Impact of the hypothermic response in inhalation toxicology studies.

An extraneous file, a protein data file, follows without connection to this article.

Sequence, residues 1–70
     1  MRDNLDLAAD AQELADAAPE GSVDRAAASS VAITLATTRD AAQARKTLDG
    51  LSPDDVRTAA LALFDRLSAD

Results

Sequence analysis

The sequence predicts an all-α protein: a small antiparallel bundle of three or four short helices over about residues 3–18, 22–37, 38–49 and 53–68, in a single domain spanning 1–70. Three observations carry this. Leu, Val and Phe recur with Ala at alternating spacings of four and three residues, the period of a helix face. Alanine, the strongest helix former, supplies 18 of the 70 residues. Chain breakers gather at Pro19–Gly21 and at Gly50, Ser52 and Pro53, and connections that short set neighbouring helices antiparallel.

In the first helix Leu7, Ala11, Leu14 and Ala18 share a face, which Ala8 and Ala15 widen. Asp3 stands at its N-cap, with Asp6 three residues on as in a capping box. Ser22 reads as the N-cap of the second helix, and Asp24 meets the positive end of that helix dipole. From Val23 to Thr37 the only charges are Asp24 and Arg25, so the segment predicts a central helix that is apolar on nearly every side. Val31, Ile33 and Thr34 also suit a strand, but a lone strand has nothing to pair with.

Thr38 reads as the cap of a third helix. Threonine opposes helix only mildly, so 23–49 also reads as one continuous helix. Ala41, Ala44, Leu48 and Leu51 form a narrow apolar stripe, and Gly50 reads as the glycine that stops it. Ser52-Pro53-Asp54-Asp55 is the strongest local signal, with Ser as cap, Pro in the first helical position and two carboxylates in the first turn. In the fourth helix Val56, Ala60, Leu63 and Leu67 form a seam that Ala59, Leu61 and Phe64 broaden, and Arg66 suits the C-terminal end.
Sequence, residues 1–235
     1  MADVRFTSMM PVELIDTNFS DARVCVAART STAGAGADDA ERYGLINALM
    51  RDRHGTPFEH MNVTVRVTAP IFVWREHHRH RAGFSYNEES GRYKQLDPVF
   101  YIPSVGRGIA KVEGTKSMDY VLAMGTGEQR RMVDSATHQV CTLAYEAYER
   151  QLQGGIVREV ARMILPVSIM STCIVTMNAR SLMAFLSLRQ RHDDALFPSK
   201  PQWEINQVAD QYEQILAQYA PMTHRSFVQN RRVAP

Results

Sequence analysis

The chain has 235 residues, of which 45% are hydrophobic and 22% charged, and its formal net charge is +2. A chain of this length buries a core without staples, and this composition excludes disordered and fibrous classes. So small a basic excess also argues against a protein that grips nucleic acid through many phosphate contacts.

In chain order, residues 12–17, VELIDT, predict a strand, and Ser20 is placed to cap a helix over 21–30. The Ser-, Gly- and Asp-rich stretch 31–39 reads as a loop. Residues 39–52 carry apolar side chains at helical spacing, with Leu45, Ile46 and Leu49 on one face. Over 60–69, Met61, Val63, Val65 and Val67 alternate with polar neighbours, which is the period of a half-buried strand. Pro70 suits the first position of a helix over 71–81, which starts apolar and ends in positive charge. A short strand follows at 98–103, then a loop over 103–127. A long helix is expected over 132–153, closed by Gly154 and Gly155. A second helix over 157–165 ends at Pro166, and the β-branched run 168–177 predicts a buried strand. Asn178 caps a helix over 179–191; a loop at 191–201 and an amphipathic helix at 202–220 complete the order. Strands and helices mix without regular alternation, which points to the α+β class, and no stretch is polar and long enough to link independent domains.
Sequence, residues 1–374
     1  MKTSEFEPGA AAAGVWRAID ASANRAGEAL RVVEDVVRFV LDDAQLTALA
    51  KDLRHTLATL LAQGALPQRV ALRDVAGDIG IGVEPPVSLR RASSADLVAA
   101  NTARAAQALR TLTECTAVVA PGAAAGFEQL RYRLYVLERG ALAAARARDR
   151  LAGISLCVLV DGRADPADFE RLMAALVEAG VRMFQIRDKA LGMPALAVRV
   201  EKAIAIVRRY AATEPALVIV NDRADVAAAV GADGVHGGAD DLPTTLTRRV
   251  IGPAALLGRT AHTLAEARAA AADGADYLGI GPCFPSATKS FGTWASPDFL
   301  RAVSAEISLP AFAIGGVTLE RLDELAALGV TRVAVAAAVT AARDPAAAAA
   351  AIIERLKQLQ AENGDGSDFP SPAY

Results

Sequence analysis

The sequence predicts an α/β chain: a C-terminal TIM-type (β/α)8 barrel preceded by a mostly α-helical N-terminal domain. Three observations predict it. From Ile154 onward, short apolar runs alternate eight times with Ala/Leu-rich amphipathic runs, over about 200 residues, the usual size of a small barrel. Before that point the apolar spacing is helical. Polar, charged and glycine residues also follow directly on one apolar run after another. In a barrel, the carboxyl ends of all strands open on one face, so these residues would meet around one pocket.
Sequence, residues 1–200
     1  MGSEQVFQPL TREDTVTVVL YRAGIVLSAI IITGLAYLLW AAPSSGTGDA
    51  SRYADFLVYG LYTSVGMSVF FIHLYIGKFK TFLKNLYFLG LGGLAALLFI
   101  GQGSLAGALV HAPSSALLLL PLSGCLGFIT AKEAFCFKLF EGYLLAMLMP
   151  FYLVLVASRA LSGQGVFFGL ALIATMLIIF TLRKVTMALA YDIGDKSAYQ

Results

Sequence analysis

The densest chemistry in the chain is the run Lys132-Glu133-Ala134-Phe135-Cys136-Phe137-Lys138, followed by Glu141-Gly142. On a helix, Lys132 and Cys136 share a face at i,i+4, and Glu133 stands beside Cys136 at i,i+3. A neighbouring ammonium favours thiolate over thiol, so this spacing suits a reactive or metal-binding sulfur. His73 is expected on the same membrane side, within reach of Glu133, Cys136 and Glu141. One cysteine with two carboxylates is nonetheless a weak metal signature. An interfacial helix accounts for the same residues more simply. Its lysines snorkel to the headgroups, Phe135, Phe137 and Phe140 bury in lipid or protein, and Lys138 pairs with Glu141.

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Previous studies from this laboratory showed that the decreases in Tco and associated functional parameters often observed in rodents following exposure to xenobiotic agents are capable of modulating the subsequent toxic response and that the magnitude of this induced hypothermic response may itself be modified by a number of experimental conditions. A moderate hypothermic response, characterized by a temperature drop of approximately 2 degrees C, appears to afford the optimal protection. Studies in which exposures occur through inhalation of harmful gases or particles present a special set of problems. In such studies, the dose of the toxic agent to which the animal is exposed is a function of the concentration of the agent in the atmosphere and the minute ventilation of the animal. Although ambient concentrations is generally held constant in laboratory studies, minute ventilation varies directly with metabolism, and both of these parameters may change significantly across experimental conditions. Thus, at low Tas, metabolism and minute ventilation are relatively high and uptake of inhalable toxic agents is increased. However, the development of the hypothermic response during the exposure entails a directly correlated reduction in these parameters and, presumably, in dose. For the most part, inhalation toxicological studies are conducted using resting animals or exercising humans. Animals are sometimes concurrently exposed to CO2 to simulate the increased ventilation of exercise and more closely mimic human studies. The experimental protocols employed in the above inhalation studies permitted examination of (1) the impact of species, size, handling stress, and changes in Ta on both the induced hypothermic response and the concomitant pulmonary toxicity; (2) the additive impact of exercise stress on O3 toxicity; and (3) the toxicity of ambient-derived particulate matter in normal rats and in rats with preexisting pulmonary inflammation. The results of these studies demonstrate that the magnitude of the induced hypothermic response is directly proportional to the uptake of the toxic agent by the lung and inversely proportional to the mass of the animal and the ambient temperature at which the exposure is conducted. The hypothermic response is sensitive to a number of experimental stresses including handling and changes in cage conditions. Exercise attenuates the hypothermic response, whereas CO2-stimulated increases in ventilation employed as an exercise surrogate may potentiate the response. Toxic exposures conducted in animals with lung disease or compromised pulmonary function may induce a severe hypothermic response while comparable exposures in normal animals produce only mild or moderate responses. In general, the development of the hypothermic response in the presence of ambient pollutants serves to decrease the minute ventilation of the animal and therefore limits the uptake and dose of the airborne toxicant. The results of these inhalation studies support our previous conclusions concerning the impact of the hypothermic response on toxicity and emphasize the need to monitor and incorporate these changes in functional parameters into analyses of toxicological data. Furthermore, because humans do not demonstrate a robust hypothermic response following exposure to toxic agents, extrapolation of the results obtained from animal studies and comparisons with data from human studies are considerably more complicated.